images for that price?!". Then my reply is usually:"if you get the same quality and style from that photographer. It sounds like a great deal. I would do that as well! But obviously you reached out to me, because you like my style."
But people here usually search for cheap solutions and don't know the difference (yet) between good marketing and images and bad ones.

Paul Adshead's picture

It's the same in many places, Mattias, keep fighting the fight! We all deserve it...

Ansel Spear's picture

As Red Adair once said (paraphrased)... 'If you think us professionals are expensive, just wait 'till you use an amateur'.

Matthias Dengler's picture

that's how it usually works, sadly...

Paul Adshead's picture

Love this quote! people need to hear it more often!

dale clark's picture

Great quote

You start at $1000-$2000 and then drop to $500-750 without changing the scope. I think that is a mistake. During the pivot, you need to address WHY you think it's worth 4-10 times as much as the client. In their mind, the scope is smaller than yours, address that! Some of my biggest deals came about from these "gap" conversations. I will adjust the project cost down IF the client reduces scope. If they ask for 10 shots and I say $2000, then they respond that they thought $1000 I offer 5 shots (OR 5 setups and 10 shots) anything that gets them to consider the scope and the cost of that scope. In these conversations, I generally expose my planning process and often expose items and considerations that the client has overlooked. This level of detail often results in more work and getting paid what I think is fair.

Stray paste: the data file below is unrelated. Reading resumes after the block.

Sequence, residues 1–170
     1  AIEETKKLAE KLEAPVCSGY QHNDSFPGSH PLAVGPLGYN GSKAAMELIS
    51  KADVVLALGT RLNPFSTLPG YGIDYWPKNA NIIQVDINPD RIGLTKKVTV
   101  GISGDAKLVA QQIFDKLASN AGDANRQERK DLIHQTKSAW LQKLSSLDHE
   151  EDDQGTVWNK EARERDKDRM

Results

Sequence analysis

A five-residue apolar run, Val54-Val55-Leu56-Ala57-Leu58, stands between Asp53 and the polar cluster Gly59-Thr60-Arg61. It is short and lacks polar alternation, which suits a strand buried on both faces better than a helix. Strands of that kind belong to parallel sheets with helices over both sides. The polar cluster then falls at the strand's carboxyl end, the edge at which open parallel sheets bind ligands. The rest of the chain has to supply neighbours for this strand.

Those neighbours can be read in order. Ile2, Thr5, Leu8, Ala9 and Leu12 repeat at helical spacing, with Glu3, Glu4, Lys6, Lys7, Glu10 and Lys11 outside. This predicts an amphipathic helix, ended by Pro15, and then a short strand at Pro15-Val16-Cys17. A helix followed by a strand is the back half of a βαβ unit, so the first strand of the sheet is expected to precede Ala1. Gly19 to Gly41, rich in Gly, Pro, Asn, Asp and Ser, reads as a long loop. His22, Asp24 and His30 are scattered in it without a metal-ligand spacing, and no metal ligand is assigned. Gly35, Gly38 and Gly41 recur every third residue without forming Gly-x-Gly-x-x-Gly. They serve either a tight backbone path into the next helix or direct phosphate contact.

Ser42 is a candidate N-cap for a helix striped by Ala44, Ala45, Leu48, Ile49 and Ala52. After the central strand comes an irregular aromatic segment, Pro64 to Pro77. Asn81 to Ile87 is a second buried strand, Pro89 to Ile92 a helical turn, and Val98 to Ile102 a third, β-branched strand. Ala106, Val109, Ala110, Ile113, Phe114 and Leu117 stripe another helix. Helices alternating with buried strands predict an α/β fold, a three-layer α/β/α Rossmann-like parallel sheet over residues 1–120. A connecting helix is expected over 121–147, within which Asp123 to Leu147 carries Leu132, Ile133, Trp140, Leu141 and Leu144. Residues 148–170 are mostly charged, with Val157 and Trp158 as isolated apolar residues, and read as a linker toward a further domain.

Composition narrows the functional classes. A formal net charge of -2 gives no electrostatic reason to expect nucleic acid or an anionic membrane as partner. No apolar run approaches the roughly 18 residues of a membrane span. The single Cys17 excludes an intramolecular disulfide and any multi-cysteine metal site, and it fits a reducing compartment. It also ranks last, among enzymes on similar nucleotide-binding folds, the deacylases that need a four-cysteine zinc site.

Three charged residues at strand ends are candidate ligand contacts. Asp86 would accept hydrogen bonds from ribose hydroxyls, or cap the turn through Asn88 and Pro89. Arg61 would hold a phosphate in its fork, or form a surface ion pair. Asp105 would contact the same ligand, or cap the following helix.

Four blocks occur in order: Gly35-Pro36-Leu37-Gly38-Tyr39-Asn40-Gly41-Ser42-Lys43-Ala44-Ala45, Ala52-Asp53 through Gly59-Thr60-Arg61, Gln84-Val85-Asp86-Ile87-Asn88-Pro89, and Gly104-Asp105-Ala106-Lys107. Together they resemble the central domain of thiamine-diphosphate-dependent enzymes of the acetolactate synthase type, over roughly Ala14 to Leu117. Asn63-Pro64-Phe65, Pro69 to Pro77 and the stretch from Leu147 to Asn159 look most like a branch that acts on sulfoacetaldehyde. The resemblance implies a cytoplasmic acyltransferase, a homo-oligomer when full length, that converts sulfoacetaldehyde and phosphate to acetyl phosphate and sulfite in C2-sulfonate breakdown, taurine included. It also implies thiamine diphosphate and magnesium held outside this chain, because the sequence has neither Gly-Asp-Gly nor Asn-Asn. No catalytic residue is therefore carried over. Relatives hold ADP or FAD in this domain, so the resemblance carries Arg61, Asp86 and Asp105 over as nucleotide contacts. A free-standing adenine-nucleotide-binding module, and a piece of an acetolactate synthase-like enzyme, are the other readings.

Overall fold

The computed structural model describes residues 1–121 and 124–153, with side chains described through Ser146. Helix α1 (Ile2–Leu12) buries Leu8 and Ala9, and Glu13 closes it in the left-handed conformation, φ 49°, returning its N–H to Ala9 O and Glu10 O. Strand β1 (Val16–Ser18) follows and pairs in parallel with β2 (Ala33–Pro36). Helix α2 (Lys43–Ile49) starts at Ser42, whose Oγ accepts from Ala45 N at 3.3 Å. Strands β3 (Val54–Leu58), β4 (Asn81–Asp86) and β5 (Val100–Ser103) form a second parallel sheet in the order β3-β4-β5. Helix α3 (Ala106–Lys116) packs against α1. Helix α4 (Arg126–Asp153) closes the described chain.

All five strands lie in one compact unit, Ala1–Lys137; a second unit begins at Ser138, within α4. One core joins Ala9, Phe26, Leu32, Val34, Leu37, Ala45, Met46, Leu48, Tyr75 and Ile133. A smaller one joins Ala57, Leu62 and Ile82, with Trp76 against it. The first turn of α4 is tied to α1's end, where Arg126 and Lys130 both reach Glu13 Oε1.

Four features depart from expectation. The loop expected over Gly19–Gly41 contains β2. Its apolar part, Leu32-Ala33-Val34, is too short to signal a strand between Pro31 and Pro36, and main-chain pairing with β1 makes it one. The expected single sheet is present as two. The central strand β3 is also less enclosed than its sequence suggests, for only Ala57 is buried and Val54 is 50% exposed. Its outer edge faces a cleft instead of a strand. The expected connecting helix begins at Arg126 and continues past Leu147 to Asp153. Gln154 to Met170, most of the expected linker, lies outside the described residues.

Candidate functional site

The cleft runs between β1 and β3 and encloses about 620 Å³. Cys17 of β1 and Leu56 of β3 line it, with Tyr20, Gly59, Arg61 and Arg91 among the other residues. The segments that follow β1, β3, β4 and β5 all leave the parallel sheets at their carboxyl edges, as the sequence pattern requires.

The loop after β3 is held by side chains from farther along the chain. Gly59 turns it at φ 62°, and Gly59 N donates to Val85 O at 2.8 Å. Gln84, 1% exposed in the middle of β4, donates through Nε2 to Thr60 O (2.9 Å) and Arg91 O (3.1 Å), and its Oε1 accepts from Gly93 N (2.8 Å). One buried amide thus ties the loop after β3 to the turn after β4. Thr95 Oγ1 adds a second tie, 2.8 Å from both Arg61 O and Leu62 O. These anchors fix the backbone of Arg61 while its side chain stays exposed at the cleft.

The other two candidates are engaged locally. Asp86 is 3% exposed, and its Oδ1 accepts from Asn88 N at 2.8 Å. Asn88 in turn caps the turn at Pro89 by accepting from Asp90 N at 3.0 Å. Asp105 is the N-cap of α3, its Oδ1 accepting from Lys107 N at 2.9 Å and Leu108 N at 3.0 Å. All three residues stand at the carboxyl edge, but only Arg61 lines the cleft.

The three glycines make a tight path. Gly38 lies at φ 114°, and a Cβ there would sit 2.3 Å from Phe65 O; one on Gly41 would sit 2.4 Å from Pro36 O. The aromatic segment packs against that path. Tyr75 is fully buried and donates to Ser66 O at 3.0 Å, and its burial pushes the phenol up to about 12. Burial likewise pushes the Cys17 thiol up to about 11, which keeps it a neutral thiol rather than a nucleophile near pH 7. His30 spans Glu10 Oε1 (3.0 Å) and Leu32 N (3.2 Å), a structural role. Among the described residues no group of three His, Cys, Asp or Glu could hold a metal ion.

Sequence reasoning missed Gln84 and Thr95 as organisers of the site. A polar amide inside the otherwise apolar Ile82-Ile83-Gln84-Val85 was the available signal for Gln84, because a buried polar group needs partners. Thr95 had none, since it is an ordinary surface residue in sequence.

Paul Adshead's picture

Totally agree Matthew, if the price drops something has to come off the table, be it number of shots, retouch, duration of shoot etc...

Matt Kosterman's picture

Yes, best advice I got was to make my proposals "modular" so you never simply drop your price without the client giving up something - number of images, turnaround time, something. Otherwise, why weren't you less expensive in the first place?

Paul Adshead's picture

Exactly Matt! modular all the way.

Just imagine if it happened in a restaurant, you'd be like if the price went down whats up with this meal?!

Matthew Odom's picture


Gabrielle Colton's picture

such a great post. It's important in small markets for photographers not to charge a small fraction of what they're worth. I see $50 shoot posts all the time, potential clients refer to these exact people when asking about my prices. It ruins the market for the rest of us actually trying to make what we deserve.